Once a month I get together with my friend Mya. We’re not really that close, and most of the time, I end up hurling a string of profanities at her before our time together is up. She’s usually very good-natured and forgiving about my tantrums, and speaks to me in a quiet, soothing voice, reminiscent of the old woman in “Fried Green Tomatoes.”
At the end of our visit though, Mya and I always end up on good terms. We say our usual good-byes, usually I tell a joke that is certain to make her chuckle. We hug, then I’m on my way, until I call again four weeks later, and the whole process repeats itself. It might seem as if Mya and I have a rather strange relationship, but in reality, we don’t — we actually have a great deal of mutual respect and trust.
Mya is my Waxing Woman, my savior, my knight in shining armor — sort of. When we get together once a month, she pours hot wax all over my body and rips my hair out by its roots leaving me in incredible, writhing pain. Sometimes I’m unable to walk normally for a week. Mya knows things about my body that no one else does. She is constantly testing my flexibility, bringing it to another level, by saying things like “lif leg higha,” or “moo hips up.”
She also knows everything about my life.
There exists an odd relationship between a woman, and those people who help her achieve a heightened level of beauty. The manicurist, the hairdresser, the waxer — each plays the role of the confidant, the neutral party. When the going gets tough, some say the tough get going — I get my eyebrows waxed. I’m not sure exactly why I confide in Mya. Perhaps I’m trying to ease the tension as I lie, nearly naked, on a narrow bed, in a small white room, covered in rough tissue paper which echoes every move I make with an unusually loud, even piercing, crinkle. Or perhaps it’s the fact that I feel the need to compensate Mya (with something other than a tip) for having to do her job. Frankly, I’m not really sure that I would like to remove the body hair of fat, rich, 47 year-old, perspiring women on a daily basis.
Which brings me to this week’s topic — Body Hair. I’m really concerned, not only about my own body hair, but also the body hair of others. Namely, the removal of it, and the necessity for this removal. I’m not concerned about the body hair of one sex, I’m worried about both female body hair and male body hair.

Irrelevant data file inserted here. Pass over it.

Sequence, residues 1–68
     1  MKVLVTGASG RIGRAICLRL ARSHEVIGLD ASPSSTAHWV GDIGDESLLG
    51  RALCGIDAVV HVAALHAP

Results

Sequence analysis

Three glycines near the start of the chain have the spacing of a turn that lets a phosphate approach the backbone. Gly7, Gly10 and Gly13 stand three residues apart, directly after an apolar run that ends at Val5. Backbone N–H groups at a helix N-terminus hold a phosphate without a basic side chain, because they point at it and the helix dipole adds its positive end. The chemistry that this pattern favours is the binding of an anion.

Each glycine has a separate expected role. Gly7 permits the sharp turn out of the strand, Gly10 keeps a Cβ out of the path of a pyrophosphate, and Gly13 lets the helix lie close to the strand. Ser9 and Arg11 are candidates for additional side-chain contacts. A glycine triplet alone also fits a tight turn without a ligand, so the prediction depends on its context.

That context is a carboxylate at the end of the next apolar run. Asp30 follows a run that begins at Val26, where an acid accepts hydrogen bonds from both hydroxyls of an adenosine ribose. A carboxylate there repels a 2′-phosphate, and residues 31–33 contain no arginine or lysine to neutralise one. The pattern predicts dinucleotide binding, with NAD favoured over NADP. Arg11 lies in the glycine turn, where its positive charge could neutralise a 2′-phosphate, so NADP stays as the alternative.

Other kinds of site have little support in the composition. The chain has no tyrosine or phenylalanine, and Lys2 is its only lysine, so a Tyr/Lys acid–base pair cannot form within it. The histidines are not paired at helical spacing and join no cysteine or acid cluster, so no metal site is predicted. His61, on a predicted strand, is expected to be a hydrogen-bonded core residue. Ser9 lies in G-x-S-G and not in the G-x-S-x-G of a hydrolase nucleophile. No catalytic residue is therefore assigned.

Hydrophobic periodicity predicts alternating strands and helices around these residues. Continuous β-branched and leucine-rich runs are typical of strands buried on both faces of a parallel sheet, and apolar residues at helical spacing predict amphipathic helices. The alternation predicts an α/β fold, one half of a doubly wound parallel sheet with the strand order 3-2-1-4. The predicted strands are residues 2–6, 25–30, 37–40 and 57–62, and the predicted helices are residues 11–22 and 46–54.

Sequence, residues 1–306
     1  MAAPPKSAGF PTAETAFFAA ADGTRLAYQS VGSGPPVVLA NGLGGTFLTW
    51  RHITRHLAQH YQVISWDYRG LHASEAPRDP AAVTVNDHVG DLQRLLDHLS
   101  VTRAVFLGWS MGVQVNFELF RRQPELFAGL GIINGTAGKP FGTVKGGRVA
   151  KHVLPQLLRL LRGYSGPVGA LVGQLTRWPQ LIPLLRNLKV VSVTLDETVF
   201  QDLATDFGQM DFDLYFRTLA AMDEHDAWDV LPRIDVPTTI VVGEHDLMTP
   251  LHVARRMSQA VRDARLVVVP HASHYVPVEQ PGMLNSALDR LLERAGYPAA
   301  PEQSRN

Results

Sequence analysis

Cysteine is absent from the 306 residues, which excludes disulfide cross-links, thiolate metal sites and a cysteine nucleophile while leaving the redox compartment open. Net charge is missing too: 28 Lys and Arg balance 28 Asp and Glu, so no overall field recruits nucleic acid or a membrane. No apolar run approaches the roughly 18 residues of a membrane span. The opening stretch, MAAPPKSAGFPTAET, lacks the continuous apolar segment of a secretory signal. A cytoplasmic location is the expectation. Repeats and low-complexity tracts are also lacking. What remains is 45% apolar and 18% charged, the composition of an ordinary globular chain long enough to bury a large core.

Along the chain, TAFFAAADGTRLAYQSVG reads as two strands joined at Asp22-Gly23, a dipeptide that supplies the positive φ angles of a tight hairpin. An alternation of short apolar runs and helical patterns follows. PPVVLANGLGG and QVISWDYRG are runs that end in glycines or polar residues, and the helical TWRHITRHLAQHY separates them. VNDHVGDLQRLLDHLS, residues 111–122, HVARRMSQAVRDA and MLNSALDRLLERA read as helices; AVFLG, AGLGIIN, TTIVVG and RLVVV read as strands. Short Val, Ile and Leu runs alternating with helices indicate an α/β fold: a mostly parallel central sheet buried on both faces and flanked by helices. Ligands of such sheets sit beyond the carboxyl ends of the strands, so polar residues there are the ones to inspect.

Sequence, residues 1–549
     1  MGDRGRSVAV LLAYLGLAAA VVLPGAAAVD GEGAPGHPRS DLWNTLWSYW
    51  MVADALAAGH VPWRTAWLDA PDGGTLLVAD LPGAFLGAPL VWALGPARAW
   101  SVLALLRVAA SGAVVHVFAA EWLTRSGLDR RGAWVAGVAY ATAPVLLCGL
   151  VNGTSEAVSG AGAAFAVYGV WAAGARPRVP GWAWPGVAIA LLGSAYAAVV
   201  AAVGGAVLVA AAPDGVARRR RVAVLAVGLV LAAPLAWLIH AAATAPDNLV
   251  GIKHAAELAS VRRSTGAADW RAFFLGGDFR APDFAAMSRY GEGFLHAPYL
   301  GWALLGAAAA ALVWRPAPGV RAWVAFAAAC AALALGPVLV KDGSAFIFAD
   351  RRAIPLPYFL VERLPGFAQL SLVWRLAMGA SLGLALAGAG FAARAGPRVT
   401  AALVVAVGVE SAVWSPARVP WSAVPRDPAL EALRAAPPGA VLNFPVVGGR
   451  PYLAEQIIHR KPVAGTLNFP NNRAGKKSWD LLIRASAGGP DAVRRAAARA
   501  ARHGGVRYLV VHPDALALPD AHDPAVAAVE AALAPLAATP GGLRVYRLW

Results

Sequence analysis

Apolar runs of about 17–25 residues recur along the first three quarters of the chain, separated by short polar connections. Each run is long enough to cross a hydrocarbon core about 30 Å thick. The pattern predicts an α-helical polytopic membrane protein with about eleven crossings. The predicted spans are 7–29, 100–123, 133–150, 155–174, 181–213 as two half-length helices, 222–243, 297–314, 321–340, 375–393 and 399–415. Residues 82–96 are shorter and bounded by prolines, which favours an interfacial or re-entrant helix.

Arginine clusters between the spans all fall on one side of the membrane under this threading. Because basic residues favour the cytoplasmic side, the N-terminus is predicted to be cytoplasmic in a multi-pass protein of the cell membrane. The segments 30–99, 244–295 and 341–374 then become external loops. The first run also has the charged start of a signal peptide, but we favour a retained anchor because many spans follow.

Body hair is a rather sticky topic. Its only use is really keeping people warm in the winter; otherwise, it usually makes them slightly uncomfortable and it can often be embarrassing. “You have a uni-brow,” and “what’s that hair doing on your lip?” are not usually ideal conversation starters.
By society’s general standards, men are supposed to have body hair. Leg hair is manly, chest hair is manly, but manliness can apparently only be expressed on one side of the body, because according to my sources, ass hair and back hair are unacceptable.
Understandably so. Ass hair is not pretty. In fact, it’s funny looking. But ass hair raises an interesting quandary. If ass hair must indeed be taken care of, how is this removal supposed to take place? I would imagine that shaving one’s ass is logistically impossible. So what’s a guy to do? Where is he to turn? Asking his girlfriend might terminate the relationship, asking a relative, such as his mom, would categorize him as “an abnormally peculiar freak of a man” and asking friends, that’s out of the question! When was the last time you got together with your buddies to kick back a coupla beers, watch the game, and pluck hairs from your ass?
As one girl put it, “I think it should be a prime objective of the genome project to work something out where ass hair and back hair are just eliminated.”
When in doubt, take it to the pros. Take it to science. Go genome. Yah project.
As far as most girls are concerned, hair removal for men is acceptable, as long as it is never mentioned. We prefer to believe that you were born without chest hair, silky smooth, and sexy sexy sexy. I briefly dated a boy who revealed to me that he Naired his chest hair. All I could picture was a 6-foot, well-built man, walking into the drug store and picking up a pink Sally Hansen Hair Cream Remover (with moisturizer), bringing it home, and spreading the pink cream all over his chest, then waiting fifteen minutes before removing it while reading Glamour Magazine. As soon as stuble began to appear, we broke up. I couldn’t bear to actually witness my pink cream nightmare.